UNLV president rejects calls to abandon Rebels mascot
- Jessup announced he arrived at the decision after reviewing a report which found overwhelming student support for both the nickname and mascot.
University of Nevada, Las Vegas President Len Jessup said Monday that the school will not be abandoning its “Rebels” nickname, though he did endorse updating the mascot.
In a statement posted on the school’s website, Jessup announced that he had arrived at the decision after reviewing a report compiled by Chief Diversity Officer Dr. Rainier Spencer—which found overwhelming student support for both the nickname and mascot— in response to concerns that the name might be considered offensive.
“We must keep the term ‘Rebels’ as our nickname,” Jessup decrees in the statement, saying the name is part of the school’s shared identity and is not only unrelated to the Confederacy, but in fact was adopted as a deliberate effort to distance the university from that cause.
“It was coined as our young institution was fighting to establish its own identity, and it has come to represent the very independence and spirit that embodies both UNLV and Southern Nevada,” Jessup explains. “Through its history as a community, Las Vegas has also adopted the spirit of a rebel, defying convention and applying its entrepreneurial spirit to achieve things others said were not possible.”
In fact, Jessup points out that contrary to the worries expressed by some, the “Hey Reb!” mascot was adopted in 1982 “specifically with the guiding principle that it be free of any Confederate symbolism and representative of the rebellious spirit synonymous with our region’s history.”
The school’s previous mascot was a wolf named Beauregard, which sparked protest in the 1970’s due to its explicit Confederate symbolism.
Nonetheless, given the concerns voiced by some that the mascot “doesn’t fully represent the university’s diversity mission,” Jessup does concede that “we should evaluate the need to freshen the mascot’s costume and related marketing images”—an update that would have been due in 2016 anyway based on the school’s tendency to update the image roughly every 10 years.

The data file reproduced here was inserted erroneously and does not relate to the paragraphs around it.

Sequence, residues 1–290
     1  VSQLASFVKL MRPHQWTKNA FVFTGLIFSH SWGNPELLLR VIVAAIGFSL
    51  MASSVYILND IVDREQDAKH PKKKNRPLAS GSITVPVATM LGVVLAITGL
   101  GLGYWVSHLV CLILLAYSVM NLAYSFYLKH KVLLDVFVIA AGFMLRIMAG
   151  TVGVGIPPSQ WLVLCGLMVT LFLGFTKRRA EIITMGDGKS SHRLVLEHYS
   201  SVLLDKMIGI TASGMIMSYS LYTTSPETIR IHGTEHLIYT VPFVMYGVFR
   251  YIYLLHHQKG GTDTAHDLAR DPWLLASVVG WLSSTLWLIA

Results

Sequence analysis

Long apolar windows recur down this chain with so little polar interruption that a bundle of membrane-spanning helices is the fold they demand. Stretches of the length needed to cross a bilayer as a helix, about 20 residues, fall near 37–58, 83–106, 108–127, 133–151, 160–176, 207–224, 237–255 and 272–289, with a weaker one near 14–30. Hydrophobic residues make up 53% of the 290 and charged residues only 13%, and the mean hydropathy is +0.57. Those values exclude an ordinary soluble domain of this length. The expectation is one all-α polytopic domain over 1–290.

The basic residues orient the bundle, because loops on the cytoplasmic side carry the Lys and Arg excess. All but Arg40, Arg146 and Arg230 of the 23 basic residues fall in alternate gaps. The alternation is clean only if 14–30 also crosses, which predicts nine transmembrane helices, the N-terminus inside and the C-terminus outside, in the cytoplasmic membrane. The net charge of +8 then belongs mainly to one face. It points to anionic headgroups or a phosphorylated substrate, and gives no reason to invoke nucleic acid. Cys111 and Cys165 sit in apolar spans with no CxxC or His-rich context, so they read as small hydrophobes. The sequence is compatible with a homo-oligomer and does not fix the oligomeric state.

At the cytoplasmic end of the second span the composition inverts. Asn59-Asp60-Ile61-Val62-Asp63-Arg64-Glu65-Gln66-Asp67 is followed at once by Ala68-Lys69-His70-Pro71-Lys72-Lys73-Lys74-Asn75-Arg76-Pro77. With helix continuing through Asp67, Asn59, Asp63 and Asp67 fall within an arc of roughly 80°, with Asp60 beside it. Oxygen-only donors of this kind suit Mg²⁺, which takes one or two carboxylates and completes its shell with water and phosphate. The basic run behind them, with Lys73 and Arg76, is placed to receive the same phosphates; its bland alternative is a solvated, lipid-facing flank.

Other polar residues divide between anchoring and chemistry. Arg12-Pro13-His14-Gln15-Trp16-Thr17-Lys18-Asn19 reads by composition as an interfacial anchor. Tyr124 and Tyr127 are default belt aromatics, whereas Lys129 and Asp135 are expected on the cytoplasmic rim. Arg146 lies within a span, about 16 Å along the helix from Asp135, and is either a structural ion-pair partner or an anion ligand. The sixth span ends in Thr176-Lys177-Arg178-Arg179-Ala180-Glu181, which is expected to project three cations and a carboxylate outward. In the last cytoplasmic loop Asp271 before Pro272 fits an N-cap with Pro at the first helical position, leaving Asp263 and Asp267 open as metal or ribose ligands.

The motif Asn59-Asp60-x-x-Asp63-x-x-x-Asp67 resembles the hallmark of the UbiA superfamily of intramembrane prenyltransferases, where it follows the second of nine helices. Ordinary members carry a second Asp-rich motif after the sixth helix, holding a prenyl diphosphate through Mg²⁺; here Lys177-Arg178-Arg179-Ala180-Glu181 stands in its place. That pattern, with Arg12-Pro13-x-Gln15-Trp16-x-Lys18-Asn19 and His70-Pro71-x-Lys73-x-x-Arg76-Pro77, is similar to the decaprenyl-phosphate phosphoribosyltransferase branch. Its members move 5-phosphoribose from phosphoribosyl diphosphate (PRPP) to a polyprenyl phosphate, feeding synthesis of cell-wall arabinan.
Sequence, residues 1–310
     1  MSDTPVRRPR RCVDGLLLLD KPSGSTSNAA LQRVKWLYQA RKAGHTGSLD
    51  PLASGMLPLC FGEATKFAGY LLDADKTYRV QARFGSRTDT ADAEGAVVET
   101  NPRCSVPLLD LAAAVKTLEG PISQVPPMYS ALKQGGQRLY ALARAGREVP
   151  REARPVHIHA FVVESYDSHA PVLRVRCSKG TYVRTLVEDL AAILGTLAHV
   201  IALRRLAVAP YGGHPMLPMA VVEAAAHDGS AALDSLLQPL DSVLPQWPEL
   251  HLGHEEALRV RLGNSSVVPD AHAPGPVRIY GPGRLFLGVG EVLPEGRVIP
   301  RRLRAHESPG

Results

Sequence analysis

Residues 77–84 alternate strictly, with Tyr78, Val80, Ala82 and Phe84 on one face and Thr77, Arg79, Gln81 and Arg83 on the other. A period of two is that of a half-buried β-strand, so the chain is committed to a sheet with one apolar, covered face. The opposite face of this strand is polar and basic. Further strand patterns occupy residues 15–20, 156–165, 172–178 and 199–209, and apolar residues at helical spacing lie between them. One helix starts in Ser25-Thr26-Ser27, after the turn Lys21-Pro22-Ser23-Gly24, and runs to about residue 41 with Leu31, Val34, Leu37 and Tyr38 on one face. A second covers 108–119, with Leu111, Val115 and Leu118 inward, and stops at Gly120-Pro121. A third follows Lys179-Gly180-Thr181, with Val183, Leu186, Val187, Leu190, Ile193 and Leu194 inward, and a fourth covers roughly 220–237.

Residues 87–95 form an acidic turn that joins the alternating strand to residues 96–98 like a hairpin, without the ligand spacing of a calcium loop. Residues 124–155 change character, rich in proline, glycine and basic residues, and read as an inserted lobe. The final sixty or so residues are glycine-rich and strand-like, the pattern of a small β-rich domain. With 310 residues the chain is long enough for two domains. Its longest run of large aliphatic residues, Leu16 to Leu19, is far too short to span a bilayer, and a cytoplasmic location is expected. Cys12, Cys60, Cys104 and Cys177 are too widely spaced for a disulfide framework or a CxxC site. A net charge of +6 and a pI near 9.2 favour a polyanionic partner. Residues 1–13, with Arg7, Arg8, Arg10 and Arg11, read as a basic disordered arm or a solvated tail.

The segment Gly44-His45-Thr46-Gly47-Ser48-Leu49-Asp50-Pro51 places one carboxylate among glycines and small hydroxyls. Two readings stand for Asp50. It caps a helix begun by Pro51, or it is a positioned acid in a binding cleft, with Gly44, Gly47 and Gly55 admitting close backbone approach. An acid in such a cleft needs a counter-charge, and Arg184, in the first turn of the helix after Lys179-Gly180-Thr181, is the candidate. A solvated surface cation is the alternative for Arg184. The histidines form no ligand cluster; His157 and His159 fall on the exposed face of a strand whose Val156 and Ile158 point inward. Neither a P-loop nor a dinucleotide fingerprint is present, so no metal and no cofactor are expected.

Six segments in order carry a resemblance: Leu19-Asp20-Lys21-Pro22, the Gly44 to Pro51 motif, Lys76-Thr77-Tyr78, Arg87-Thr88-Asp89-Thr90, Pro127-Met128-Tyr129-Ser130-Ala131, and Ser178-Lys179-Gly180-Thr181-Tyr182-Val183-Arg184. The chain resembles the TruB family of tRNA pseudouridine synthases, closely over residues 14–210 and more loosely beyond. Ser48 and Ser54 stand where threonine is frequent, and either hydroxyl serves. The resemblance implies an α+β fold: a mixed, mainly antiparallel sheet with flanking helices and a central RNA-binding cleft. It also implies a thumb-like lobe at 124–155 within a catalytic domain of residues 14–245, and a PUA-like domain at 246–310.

UNLV’s student newspaper, however, received no such protection from Jessup, who stated, “I have asked Dr. Spencer to approach the Advisory Board of the student newspaper—The Rebel Yell—and request an evaluation regarding a name change, given the roots of the term with the Confederate South.”
As an independent publication, however, Jessup notes that the paper’s student leaders and advisory board will have ultimate discretion over whether to change the name.
“These decisions may not please everyone, and I steadfastly support diversity of opinion,” Jessup concludes, noting that he has been pleased with the quality of dialogue that has taken place at UNLV of late. “It is appropriate to pause and reflect from time to time to ensure we are on the right path, just as our forward-thinking students and administration did in the 1970s with a similar debate.”
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